The deepest and most definitive part of the formula is the simple but involving RPG element. There are so many plasmid combinations and choices that a second play-through is guaranteed. Character and item building options are accessed via vending machines. Rarely-found 'Power to the People' stations give a one-time weapon upgrade ranging from damage increase to a larger clip size. Inventory stations - a nice idea - can similarly be used to build extra items such as ammo using bits and bobs scavenged from your journey.
Hacking also plays a major role and even these skills can even be upgraded through plasmids. Rapture's security system is immense and involves an entire network of cameras, turrets and flying bots that can be yours if successfully hacked. Oddly this is done through a complete rip off of Pipe Mania in a quick mini-game. You can even hack vending machines for cheaper goodies, which saves your wallet from taking a financial beating.
As for your plasmids and modifying tonics (which affect things like your max health and engineering attributes), you'll get those from special Gather Gardens - and the only way to craft them is by using Adam as credits. There's only one way to get it, and that's through the Little Sisters. And where there's a Little Sister, there's a Big Daddy...
Left alone these gigantic, diving-suited guerrillas are the most harmless inhabitants of Rapture. Cross them though, and you'll come face to face with one of the angriest characters we've ever encountered. You won't survive long enough to shout about it either.
Big Daddies guard the twisted, syringe-wielding little girls that harvest the only source of Adam in the game (there are two or three of them in each district, marked on the pause screen). Their relationship is both unsettling and touching at the same time. Little Sisters draw the Adam out of corpses, Big Daddies provide the backup.
These twisted little girls will skip, hold hands and beckon their metal protectors through Rapture's blood-splattered plazas, and the Daddy will give everything he's got to hug, protect and defend his tiny companion from anyone foolish enough to get too close. But if you want to bolster you're plasmids, you're going to have to piss him off.
The rules of gaming state that a hulking, heavily armed foe will be slower than a milk float with a flat. Safe in this fact, you'll likely unload a revolver in his face from 30ft down the hallway, and then shit your pants when he rushes towards you in a single, blurry dash before you realise you're still alive.
When you do die though Bioshock's death system brings you instantly back to life in a resuscitation chambers, meaning you can go straight back and continue the fight - with your enemy's health at whatever point you left it. Admittedly, this takes away some of the difficulty and tension of taking on the giants as there seems to be no real penalty for dying.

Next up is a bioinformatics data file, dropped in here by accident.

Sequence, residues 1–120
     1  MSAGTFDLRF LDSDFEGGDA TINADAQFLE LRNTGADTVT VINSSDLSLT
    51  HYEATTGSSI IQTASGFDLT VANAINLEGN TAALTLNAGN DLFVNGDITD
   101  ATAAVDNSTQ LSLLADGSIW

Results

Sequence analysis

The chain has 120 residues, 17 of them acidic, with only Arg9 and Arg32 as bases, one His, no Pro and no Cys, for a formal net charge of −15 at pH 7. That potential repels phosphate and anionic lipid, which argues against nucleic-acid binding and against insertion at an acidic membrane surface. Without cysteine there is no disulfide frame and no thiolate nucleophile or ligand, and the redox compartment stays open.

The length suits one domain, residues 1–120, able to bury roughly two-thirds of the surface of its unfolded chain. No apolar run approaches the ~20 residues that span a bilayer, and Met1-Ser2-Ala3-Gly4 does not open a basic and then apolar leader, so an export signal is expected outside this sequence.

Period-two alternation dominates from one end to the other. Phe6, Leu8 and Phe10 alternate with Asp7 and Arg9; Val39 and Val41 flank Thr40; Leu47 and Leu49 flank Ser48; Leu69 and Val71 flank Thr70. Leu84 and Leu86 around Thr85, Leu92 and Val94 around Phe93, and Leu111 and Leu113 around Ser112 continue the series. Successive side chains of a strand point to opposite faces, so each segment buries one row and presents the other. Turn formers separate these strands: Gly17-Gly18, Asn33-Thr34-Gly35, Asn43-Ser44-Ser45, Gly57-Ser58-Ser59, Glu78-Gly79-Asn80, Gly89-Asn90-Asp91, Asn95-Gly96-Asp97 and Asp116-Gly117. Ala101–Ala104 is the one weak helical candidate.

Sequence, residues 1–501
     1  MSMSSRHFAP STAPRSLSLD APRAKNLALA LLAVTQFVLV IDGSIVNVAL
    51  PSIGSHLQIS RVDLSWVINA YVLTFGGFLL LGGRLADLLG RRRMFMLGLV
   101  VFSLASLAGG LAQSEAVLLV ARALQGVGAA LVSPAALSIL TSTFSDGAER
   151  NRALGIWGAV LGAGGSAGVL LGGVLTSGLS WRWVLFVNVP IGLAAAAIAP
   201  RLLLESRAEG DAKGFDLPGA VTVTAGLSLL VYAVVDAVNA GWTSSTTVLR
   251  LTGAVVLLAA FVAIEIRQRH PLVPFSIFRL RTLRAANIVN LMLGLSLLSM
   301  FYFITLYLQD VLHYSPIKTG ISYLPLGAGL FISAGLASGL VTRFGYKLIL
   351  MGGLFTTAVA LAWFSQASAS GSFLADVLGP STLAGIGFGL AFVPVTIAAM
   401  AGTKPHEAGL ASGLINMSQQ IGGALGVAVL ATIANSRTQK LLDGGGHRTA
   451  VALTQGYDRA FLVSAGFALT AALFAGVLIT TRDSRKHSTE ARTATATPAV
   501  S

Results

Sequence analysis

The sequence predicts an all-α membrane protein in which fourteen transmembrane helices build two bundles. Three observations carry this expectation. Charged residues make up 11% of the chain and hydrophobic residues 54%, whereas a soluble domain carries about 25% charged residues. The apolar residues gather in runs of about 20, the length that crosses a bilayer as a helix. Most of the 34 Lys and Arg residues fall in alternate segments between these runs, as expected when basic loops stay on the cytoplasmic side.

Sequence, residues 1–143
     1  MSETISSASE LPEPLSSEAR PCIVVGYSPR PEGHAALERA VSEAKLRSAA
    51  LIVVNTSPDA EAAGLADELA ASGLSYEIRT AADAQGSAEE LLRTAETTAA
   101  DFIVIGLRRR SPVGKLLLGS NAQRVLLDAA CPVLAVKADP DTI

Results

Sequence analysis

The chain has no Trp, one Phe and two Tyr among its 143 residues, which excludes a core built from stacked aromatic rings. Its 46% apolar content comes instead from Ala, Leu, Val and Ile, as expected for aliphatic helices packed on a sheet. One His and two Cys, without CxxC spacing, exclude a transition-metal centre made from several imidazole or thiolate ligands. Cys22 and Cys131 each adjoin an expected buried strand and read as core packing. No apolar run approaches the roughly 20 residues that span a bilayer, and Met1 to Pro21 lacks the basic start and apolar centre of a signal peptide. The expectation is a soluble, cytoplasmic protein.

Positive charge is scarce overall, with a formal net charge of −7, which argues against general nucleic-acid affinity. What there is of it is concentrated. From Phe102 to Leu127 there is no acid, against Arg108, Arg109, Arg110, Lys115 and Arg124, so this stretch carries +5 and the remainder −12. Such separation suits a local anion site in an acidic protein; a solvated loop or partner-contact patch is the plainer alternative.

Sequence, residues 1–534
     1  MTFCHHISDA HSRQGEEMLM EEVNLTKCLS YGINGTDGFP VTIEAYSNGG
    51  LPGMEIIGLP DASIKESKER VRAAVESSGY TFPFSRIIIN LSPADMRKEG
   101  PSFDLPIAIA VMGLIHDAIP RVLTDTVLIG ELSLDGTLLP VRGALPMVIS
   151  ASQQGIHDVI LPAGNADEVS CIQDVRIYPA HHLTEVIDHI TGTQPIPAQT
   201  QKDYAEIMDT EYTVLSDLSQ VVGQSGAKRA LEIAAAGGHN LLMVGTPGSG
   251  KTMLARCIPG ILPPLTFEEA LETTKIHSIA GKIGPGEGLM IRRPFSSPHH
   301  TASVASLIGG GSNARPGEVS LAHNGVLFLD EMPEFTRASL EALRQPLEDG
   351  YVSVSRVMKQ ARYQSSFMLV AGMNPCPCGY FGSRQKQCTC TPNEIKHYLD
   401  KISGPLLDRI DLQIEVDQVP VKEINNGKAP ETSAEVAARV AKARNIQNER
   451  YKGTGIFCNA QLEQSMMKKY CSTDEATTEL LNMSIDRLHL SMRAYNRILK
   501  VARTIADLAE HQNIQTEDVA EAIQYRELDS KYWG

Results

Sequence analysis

There's a dark story twisting its way through the world of Rapture and the game throws emotional choices onto your lap. Once you've defeated a Daddy and the Little Sister's crying next to the smoking shell, you've got a choice on your hands - save the little girl, taking one good thing from this dirty mess back to the surface, or harvest her, taking maximum Adam to tone your powers, but killing the child in the process. The consequence of either harvesting or saving a Sister only really affects what ending you see.
Like Valve's Half-Life 2, Bioshock doesn't rewrite the rules of first-person shooting, but it exceeds in both narrative, world and gameplay - which, despite how many times you may have fired a machine gun or built up your stats in the past, makes for more single, standout moments than we've had in a long, long time.
Moments like the countless twists and set pieces in Bioshock's fantastically well-written plot.
Or the huge variety of combinations you can play with, or the many interactions with the Big Daddies you'll have, like accidentally catching them in your crossfire and having to leg it across a whole level to escape their screen-shaking charge.
The world of Rapture is almost enough to make Bioshock an exceptional experience on its own. But the fantastic role-playing elements, standout scenarios and truly mental character encounters make it extra special. An experience of this calibre only comes around every few years and should be played by as many people as possible.